A colleague sent out these links about student journalists at Florida Atlantic University putting together their final newspaper of the term using (almost) entirely pre-computer methods:
Naturally, my coworkers were mainly interested in scoffing at the kids who don’t know how to use any of the stuff that to (most of) my coworkers was second nature for awhile. So i found it refreshing when the blogger noted:
Some pessimists predicted ALL ON PAPER would be an exercise in futility. It’s proven to be a lesson in humility — for both the student journalists struggling with the old tech for the first time, and for the veteran journalists trying to recall how it all worked a few decades ago.
One of my coworkers commented to one of the few people in the office younger than i am, “You’re too young to know how to use any of that stuff.” I’m glad they didn’t try that line with me, because i might have cursed at them while pointing out that:
(a) I did learn how to type on a manual typewriter. And, godalmighty, i do not miss it for a minute. I tried typing a single poem on my ’50s cub reporter typewriter for Cipher #2, and, damn, do those things take muscles i do not have anymore.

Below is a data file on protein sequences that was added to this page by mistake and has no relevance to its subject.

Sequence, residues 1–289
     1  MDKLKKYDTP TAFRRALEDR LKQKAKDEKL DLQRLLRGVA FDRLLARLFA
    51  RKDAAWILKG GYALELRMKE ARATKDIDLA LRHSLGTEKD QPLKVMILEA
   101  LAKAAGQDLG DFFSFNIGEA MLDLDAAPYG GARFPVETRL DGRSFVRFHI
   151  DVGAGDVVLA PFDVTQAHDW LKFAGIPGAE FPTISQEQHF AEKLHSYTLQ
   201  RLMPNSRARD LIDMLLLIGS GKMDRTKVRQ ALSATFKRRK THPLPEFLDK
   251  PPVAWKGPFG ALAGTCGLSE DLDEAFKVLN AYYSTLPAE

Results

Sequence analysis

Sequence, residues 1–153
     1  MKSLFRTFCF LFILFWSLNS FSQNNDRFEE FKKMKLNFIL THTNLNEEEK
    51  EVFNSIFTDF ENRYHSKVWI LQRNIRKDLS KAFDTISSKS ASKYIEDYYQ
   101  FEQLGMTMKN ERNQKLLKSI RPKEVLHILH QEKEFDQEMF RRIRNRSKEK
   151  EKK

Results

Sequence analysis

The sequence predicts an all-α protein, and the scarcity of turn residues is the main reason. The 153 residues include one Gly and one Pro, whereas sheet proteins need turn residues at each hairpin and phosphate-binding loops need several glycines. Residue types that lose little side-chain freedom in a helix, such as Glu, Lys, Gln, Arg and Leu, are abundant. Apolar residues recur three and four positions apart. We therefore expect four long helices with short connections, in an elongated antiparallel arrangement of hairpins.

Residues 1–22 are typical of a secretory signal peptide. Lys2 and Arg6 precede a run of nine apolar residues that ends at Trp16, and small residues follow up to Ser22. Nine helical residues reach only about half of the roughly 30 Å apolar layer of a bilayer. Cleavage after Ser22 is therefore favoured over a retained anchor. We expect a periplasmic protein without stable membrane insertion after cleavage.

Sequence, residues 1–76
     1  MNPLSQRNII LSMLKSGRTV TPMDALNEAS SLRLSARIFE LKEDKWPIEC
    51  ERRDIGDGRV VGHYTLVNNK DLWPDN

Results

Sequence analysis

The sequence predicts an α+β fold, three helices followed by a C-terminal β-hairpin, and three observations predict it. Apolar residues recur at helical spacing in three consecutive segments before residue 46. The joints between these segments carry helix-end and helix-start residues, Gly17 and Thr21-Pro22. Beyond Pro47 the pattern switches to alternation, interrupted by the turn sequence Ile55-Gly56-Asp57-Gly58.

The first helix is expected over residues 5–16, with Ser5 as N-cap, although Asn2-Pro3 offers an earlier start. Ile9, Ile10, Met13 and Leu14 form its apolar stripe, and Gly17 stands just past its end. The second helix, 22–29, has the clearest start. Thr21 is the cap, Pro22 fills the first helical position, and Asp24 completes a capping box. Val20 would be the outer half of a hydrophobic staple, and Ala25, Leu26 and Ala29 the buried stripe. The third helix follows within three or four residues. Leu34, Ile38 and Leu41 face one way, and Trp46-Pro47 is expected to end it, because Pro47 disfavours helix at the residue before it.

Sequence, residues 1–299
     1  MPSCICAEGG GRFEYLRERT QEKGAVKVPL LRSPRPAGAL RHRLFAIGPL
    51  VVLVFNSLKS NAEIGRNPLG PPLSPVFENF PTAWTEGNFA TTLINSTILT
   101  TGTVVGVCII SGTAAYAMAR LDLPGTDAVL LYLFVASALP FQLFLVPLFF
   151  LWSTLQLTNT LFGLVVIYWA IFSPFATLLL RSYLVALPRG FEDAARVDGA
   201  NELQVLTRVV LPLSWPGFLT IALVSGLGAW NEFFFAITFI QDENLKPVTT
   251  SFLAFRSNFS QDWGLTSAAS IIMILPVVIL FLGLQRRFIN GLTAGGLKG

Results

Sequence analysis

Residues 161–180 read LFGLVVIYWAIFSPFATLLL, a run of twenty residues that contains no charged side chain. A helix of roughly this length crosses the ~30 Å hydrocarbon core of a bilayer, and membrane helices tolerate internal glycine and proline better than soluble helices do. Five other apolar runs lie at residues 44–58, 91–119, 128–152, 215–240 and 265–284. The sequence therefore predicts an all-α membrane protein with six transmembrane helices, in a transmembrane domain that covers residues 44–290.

(b) I did layout for my high school yearbook by hand. And, again, bloody hell if i ever have to do math for a layout again.
Yet for all of the scoffing my (aged) colleagues engage in at how the kids today don’t know how to use this ancient tech, i bet none of my coworkers wants to come up to my apartment and play around with my electronic stenciler and Rex Rotary duplicator. And while all my coworkers gathered around to bid fond farewell to the IBM Selectric when it was sent to surplus earlier this year, none of them exactly threw themselves on it to save it from its fate. WHINERS. Zinesters 4 eva!